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Canned Hunting


Born to be killed: Lion hunting in South Africa

Travel to South Africa is booming, not only for nature lovers. South Africa is also a paradise for hunters - Thousand of hunting tourists from Europe and the USA travel to the region – they bring home dead animals instead of photos as souvenirs.

 

Nearly all wild species are available – even protected species like elephants: it’s just a question of money. An especially perfidious form of trophy hunting is “Canned Hunting” of lions.


Canned Hunting

The most extreme variety of trophy hunting is “Canned Hunting”. Most of the victims are lions, which are served to their hunters on a silver platter: The animals are kept in fenced areas and then simply shot.

 

The lions are bred on farms and raised by hand. They hardly demonstrate any shyness of humans. The animals can’t escape from the cages. Occasionally they are attracted with bait, sometimes they are even sedated with medicine.

 

Anyone can go and hunt lions in South Africa – a hunting licence or proven hunting experience isn’t usually necessary. This means that many lions aren’t killed by the first shot which results in them experiencing an agonising death.


Rapid boom in breeding farms and shootings

For trophy hunting in South Africa, lions are bred on more than 190 farms, usually raised by hand and accustomed to humans. In the last six years, the number of farm lions has risen by 250 percent. Today, more than 6,000 captive animals are threatened with the same gruesome fate – more than ever before.


First pet …

Many of the young animals must then serve as tourist attractions where people can pet them, take photos with them and take them for walks. Unwitting tourists visit these farms and pay money to look at or touch young lion cubs. That they are thereby supporting a horrific industry, an industry that even many hunting associations reject as being unethical, is something that most of the tourists don’t know.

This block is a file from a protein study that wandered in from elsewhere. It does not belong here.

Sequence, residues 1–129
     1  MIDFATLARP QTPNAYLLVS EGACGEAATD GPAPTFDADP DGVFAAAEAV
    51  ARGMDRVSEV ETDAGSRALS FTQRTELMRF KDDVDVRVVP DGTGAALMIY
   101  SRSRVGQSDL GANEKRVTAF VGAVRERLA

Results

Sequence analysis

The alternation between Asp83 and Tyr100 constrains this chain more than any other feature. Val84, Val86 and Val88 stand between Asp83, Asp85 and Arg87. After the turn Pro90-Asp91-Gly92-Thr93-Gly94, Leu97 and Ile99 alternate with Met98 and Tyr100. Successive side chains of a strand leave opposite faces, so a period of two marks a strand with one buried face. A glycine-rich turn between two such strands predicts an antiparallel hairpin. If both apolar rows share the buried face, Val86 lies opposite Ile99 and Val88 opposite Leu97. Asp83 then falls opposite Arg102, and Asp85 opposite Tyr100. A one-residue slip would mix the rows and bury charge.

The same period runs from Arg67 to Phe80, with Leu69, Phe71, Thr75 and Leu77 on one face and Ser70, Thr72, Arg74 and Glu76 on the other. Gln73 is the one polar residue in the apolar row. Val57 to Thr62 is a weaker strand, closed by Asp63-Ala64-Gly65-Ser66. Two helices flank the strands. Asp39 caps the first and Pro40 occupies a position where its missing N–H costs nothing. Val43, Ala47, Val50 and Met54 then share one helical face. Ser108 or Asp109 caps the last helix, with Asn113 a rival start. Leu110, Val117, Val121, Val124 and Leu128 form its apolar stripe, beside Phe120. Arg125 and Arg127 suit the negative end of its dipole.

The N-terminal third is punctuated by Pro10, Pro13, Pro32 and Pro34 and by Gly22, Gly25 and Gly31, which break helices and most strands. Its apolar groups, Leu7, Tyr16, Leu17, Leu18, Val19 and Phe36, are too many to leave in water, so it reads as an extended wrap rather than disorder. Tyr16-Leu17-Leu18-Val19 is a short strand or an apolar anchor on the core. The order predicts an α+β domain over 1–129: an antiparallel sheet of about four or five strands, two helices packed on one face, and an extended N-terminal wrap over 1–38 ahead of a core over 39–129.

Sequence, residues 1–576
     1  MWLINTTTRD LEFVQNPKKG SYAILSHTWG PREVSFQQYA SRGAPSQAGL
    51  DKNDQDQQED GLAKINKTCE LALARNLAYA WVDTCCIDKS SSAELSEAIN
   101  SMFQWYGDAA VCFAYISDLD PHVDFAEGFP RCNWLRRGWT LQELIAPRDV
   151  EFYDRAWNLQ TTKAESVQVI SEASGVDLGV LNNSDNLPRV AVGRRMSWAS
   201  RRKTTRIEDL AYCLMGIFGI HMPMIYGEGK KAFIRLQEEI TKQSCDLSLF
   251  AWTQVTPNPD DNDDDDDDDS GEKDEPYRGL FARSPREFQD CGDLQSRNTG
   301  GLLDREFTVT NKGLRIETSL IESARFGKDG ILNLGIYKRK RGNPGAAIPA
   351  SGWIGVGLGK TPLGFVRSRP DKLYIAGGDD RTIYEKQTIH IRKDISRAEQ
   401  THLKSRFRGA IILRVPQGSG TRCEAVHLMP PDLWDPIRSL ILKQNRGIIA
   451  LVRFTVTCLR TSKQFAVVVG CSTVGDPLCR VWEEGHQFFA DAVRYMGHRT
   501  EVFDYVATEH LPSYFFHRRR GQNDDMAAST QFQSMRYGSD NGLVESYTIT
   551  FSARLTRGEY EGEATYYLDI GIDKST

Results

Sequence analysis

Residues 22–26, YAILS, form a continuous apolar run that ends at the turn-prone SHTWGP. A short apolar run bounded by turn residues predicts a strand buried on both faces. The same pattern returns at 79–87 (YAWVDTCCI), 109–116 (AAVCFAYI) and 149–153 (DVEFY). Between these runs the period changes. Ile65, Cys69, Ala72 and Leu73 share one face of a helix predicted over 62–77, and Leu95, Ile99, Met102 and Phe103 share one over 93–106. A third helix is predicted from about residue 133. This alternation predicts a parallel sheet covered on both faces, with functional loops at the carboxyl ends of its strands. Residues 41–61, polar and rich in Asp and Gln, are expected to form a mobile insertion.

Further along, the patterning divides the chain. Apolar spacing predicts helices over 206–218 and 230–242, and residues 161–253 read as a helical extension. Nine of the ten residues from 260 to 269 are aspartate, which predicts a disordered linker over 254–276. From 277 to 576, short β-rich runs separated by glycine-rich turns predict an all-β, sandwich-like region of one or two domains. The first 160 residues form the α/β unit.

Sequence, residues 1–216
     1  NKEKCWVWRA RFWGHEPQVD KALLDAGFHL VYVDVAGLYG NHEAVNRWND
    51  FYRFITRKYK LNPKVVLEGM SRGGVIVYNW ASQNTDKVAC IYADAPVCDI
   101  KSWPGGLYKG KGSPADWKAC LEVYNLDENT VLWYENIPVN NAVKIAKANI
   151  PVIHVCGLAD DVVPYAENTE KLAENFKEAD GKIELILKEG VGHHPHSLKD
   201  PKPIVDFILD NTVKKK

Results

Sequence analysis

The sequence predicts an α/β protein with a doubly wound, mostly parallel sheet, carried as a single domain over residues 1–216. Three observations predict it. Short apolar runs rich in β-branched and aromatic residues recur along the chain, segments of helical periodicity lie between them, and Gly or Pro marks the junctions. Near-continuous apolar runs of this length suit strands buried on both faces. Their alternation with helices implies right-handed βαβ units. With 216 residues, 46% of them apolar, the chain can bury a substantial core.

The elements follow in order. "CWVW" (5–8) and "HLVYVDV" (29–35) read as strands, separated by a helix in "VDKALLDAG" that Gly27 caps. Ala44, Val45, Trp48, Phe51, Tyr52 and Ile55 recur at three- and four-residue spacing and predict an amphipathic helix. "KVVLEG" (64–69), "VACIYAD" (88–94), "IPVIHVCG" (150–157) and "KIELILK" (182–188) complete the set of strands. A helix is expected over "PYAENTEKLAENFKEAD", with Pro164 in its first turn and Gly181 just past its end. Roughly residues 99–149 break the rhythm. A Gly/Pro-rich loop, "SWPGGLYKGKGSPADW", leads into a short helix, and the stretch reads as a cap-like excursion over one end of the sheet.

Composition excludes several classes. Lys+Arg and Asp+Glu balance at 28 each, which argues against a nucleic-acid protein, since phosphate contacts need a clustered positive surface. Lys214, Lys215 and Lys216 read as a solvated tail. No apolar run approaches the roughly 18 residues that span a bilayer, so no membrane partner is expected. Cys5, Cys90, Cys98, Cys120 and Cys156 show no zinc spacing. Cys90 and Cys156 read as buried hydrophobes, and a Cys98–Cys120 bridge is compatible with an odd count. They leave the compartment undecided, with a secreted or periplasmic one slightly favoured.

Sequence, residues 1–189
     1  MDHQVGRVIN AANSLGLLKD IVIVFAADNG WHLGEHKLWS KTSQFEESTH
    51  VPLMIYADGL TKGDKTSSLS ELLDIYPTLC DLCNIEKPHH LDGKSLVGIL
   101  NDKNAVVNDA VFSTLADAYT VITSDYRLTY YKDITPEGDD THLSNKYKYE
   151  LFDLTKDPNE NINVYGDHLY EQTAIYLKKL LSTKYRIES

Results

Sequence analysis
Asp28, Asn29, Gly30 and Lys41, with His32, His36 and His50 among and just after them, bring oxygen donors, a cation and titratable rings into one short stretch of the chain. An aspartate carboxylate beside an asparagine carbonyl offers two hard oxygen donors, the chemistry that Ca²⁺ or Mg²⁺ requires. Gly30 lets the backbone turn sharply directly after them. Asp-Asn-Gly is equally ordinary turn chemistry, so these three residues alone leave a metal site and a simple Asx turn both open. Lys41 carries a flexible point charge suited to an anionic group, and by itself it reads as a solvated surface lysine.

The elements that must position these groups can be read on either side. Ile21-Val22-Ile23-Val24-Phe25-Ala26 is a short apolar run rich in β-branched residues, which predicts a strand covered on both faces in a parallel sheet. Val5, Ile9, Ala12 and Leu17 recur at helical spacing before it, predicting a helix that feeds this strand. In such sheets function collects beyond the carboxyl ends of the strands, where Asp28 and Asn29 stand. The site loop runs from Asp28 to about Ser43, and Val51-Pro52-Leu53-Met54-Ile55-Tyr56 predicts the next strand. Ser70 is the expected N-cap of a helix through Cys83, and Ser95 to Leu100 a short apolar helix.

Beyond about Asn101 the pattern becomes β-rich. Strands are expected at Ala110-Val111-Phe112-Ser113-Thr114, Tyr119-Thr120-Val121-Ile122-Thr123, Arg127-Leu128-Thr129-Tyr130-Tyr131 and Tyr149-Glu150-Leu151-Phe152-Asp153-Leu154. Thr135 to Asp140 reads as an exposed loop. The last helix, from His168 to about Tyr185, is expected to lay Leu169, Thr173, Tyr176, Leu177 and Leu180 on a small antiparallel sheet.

… then shoot

The lions reach the trophy age after four to seven years and are then offered to the hunters for shooting. In many cases the ‘hunting’ isn’t carried out on the same farm that the animal was bred at. Instead the lions are transported to other areas and shot there. Most of the breeding and hunting stations in South Africa are located in the provinces Free State, North West and Limpopo.


Danger for wild lions

The supporters of Canned Hunting claim that Canned Hunting serves to protect the species. In fact the opposite is the case: The increasing number of trophy hunting tours on offer is increasing the pressure on the lion populations living in the wild. An increasing number of animals are captured in the wild for breeding purposes.

Stop Canned Hunting! - Sign the petition now!


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